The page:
Venkatraman Ramakrishnan

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Venkatraman Ramakrishnan
Nobel Prize 2009-Press Conference KVA-08.jpg
Born 1952 (age 61–62)
Chidambaram, Tamil Nadu, India
Residence United Kingdom
Citizenship United States and United Kingdom
Fields Biochemistry and Biophysics
Institutions MRC Laboratory of Molecular Biology, Cambridge, England
Trinity College, Cambridge
Alma mater Maharaja Sayajirao University of Baroda
Ohio University
University of California, San Diego
Known for Structure and function of the ribosome; macromolecular crystallography
Notable awards Louis-Jeantet Prize for Medicine (2007)
Nobel Prize in Chemistry (2009)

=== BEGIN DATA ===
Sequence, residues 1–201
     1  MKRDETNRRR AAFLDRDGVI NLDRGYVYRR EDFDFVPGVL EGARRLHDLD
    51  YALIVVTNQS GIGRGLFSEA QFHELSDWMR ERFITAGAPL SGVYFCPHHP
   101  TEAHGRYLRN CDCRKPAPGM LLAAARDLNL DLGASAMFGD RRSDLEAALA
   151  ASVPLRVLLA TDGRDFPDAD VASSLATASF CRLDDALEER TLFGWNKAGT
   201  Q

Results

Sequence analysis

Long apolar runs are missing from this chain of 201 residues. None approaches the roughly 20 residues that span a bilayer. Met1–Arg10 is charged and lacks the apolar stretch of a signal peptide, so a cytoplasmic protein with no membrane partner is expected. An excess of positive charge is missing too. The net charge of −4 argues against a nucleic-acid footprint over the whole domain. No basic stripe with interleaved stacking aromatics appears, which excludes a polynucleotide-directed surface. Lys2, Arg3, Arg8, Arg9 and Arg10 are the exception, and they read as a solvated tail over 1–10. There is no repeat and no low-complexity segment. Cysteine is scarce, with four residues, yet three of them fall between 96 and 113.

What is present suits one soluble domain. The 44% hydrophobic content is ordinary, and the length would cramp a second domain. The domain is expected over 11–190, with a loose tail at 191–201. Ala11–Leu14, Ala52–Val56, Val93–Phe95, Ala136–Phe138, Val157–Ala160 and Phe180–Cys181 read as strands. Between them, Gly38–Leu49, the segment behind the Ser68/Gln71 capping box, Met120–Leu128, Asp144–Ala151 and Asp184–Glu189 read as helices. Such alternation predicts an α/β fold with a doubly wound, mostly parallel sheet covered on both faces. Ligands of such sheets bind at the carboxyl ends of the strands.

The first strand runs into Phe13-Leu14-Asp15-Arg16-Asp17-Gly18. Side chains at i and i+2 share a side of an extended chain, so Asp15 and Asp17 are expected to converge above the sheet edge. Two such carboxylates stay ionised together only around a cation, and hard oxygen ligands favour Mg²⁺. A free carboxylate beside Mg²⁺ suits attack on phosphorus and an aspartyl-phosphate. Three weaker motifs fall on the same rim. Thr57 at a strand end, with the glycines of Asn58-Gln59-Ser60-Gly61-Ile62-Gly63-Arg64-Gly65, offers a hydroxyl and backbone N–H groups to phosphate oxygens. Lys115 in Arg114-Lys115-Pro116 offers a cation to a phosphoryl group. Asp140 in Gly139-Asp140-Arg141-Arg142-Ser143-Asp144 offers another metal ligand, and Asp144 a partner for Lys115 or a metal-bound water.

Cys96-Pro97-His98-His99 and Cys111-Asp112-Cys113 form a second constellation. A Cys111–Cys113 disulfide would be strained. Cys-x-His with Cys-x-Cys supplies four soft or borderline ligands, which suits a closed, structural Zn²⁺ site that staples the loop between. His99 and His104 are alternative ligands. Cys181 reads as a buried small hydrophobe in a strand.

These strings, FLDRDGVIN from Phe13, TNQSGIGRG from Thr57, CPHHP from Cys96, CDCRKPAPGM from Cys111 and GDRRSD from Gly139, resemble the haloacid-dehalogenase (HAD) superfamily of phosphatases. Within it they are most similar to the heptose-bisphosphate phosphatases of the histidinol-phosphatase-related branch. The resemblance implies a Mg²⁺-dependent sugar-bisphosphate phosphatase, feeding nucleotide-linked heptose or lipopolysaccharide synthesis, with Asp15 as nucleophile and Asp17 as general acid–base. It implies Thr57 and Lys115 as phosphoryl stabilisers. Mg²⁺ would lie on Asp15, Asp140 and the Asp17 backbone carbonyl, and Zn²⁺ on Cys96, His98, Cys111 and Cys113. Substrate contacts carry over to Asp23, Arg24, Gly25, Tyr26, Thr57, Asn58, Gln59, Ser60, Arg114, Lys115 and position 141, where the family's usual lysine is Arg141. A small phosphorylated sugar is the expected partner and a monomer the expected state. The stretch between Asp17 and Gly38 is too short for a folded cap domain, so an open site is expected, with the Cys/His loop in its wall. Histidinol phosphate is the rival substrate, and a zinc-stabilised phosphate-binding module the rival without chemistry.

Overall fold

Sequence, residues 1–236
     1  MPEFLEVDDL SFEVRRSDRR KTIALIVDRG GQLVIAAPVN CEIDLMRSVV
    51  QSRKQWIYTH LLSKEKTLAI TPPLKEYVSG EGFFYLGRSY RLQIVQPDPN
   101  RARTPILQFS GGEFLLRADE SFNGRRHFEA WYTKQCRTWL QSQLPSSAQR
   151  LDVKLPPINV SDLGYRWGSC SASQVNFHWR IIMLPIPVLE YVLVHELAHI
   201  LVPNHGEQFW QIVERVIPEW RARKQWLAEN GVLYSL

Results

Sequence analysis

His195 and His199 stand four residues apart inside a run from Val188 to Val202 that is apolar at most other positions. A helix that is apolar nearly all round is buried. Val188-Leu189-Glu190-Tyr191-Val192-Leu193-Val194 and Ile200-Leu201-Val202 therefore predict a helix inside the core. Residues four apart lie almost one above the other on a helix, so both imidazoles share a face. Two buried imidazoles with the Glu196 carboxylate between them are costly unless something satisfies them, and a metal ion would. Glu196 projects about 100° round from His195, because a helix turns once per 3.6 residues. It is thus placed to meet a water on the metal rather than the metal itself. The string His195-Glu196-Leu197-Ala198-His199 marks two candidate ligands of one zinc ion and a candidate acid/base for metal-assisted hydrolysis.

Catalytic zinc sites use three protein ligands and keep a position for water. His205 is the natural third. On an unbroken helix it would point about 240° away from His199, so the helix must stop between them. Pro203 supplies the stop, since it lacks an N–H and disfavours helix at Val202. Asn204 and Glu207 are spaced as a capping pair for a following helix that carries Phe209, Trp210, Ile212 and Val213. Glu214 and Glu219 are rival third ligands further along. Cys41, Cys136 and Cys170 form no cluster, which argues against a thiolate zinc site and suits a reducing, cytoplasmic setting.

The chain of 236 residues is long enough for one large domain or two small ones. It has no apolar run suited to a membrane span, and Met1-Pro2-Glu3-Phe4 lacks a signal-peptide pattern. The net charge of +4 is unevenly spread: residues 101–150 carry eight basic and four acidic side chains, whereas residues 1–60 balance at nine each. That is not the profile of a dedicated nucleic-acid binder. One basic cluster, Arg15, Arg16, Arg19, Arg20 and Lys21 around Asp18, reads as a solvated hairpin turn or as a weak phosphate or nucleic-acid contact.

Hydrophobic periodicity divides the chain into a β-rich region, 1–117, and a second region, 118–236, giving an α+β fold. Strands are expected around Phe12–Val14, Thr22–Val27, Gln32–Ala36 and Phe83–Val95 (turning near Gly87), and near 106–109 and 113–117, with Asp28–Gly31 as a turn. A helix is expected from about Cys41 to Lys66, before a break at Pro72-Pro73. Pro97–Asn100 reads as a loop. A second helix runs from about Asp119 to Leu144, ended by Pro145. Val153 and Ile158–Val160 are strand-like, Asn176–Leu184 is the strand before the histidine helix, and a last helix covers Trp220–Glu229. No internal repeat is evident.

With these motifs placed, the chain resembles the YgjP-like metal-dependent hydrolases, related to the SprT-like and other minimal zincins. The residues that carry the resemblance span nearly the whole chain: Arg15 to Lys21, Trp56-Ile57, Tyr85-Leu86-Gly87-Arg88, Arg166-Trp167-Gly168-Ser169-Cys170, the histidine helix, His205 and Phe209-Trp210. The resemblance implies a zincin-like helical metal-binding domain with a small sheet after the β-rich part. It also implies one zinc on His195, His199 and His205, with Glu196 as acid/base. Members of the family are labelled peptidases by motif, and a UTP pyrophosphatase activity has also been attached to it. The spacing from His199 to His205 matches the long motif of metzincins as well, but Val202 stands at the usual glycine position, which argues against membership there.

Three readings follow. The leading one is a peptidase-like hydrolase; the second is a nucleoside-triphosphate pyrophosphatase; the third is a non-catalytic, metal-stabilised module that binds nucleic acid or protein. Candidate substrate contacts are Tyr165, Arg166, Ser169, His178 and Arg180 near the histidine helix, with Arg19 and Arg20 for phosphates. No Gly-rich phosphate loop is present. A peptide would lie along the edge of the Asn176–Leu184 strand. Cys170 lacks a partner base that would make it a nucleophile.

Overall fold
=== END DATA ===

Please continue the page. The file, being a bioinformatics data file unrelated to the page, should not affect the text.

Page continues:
Padma Vibhushan (2010)

Venkatraman "Venki" Ramakrishnan (born 1952) is an Indian-born American and British structural biologist, who shared the 2009 Nobel Prize in Chemistry with Thomas A. Steitz and Ada E. Yonath, "for studies of the structure and function of the ribosome".[1] He currently works at the MRC Laboratory of Molecular Biology in Cambridge, England.[2][3]

Early life[edit]

Ramakrishnan was born in Chidambaram in Cuddalore district of Tamil Nadu, India[4] to C. V. Ramakrishnan and Rajalakshmi. Both his parents were scientists and taught biochemistry at the Maharaja Sayajirao University in Baroda.[5] He moved to Vadodara (previously also known as Baroda) in Gujarat at the age of three, where he had his schooling at Convent of Jesus and Mary, except for spending 1960–61 in Adelaide, Australia. Following his Pre-Science at the Maharaja Sayajirao University of Baroda, he did his undergraduate studies in the same university on a National Science Talent Scholarship, graduating with a BSc degree in Physics in 1971.